The origin of brands : discover the natural laws of product innovation and business survival / Al Ries and Laura Ries.

by Ries, AlLooking glass; Ries, LauraLooking glass.

Publisher: New York : HarperBusiness, [2004]Description: x, 308 pages : illustrations, facsimiles ; 21 cm.ISBN: 0060570148.Subject(s): Brand name products -- ManagementLooking glass | Brand name productsLooking glass | Branding (Marketing)Looking glass | New products -- ManagementLooking glassNote: Includes bibliographical references and index.
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Long loan London College of Communication
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Enhanced descriptions from Syndetics:

What Charles Darwin did for biology, Al and Laura Ries do for branding.

In their exciting new book, The Origin of Brands, the Rieses take Darwin's revolutionary idea of evolution and apply it to the branding process. What results is a new and strikingly effective strategy for creating innovative products, building a successful brand, and, in turn, achieving business success.Here, the Rieses explain how changing conditions in the marketplace create endless opportunities to build new brands and accumulate riches. But these opportunities cannot be found where most people and most companies look. That is, in the convergence of existing categories like television and the computer, the cellphone and the Internet.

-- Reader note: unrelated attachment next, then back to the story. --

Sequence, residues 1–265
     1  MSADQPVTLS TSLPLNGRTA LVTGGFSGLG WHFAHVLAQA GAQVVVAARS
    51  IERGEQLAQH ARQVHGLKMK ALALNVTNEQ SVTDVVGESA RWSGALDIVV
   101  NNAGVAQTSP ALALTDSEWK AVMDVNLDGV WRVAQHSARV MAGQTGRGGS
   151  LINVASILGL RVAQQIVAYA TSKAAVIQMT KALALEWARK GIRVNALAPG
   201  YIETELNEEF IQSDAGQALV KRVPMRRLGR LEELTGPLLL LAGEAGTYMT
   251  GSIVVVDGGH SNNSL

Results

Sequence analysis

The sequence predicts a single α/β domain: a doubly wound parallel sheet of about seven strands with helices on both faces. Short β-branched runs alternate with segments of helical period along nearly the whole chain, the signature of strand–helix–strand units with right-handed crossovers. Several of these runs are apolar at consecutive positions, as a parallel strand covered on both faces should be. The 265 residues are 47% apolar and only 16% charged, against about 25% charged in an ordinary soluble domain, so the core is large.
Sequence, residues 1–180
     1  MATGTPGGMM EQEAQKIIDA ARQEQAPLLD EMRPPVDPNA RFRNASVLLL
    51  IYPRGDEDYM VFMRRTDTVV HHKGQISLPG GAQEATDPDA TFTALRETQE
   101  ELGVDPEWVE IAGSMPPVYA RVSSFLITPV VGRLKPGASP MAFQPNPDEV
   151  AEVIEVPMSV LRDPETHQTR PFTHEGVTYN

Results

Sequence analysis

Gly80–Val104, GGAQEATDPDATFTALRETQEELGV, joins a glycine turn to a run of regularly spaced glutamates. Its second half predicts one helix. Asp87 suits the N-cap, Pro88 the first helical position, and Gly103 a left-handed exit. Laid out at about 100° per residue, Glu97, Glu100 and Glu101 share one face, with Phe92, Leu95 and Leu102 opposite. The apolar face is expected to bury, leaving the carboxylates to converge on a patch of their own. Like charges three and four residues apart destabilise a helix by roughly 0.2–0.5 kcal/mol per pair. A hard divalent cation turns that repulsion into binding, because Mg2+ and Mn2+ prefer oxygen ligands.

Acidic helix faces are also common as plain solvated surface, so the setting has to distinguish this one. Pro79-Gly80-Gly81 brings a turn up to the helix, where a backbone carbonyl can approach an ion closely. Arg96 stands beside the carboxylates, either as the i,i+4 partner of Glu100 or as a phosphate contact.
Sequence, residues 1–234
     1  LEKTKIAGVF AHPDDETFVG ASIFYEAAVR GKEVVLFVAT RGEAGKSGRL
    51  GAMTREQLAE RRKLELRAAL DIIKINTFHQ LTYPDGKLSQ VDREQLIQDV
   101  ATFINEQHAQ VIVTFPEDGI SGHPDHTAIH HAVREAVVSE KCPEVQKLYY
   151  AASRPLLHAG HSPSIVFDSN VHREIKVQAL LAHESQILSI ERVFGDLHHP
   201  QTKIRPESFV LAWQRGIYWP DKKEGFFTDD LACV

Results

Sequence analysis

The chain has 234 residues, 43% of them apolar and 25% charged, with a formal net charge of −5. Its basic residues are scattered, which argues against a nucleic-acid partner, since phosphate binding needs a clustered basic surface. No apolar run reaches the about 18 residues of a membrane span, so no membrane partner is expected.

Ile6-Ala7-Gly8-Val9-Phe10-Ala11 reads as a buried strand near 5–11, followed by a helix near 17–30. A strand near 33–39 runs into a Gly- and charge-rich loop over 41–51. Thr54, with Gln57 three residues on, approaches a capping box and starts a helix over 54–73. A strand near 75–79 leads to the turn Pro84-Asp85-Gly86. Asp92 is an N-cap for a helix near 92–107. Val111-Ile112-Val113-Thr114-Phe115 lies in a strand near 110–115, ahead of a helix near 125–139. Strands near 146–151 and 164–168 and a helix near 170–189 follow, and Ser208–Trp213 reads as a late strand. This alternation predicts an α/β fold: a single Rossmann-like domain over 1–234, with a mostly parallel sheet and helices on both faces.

Instead, opportunity lies in the opposite direction--in divergence. By following Darwin's brilliant deduction that new species arise from divergence of an existing species, the Rieses outline an effective strategy for creating and taking to market an effective brand. In The Origin of Brands, you will learn how to:

Divide and conquer Exploit divergence Use the theories of survival of the firstest and survival of the secondest Harness the power of pruning

Using insightful studies of failed convergence products and engaging success stories of products that have achieved worldwide success through divergence, the Rieses have written the definitive book on branding. The Origin of Brands will show you in depth how to build a great brand and will lead you to success in the high-stakes world of branding.

Includes bibliographical references and index.

Table of contents provided by Syndetics

  • Introduction (p. ix)
  • Chapter 1 The Great Tree of Life (p. 1)
  • Chapter 2 Predicting the Future (p. 9)
  • Chapter 3 Divide and Conquer (p. 17)
  • Chapter 4 Gradual Change vs. Divergence (p. 27)
  • Chapter 5 The Curse of the Clock Radio (p. 39)
  • Chapter 6 Swiss Army Knife Thinking (p. 53)
  • Chapter 7 Bad Ideas Never Die (p. 77)
  • Chapter 8 The Great Tree of High-Tech Brands (p. 89)
  • Chapter 9 The Great Tree of Low-Tech Brands (p. 117)
  • Chapter 10 The Mystery of the Missing Links (p. 151)
  • Chapter 11 Survival of the Firstest (p. 161)
  • Chapter 12 Survival of the Secondest (p. 185)
  • Chapter 13 The Power of Pruning (p. 205)
  • Chapter 14 Creating a Category (p. 227)
  • Chapter 15 Establishing an Enemy (p. 257)
  • Chapter 16 Launching the Brand (p. 267)
  • Chapter 17 Wrapping Things Up (p. 285)
  • Index (p. 297)

Reviews provided by Syndetics

Publishers Weekly Review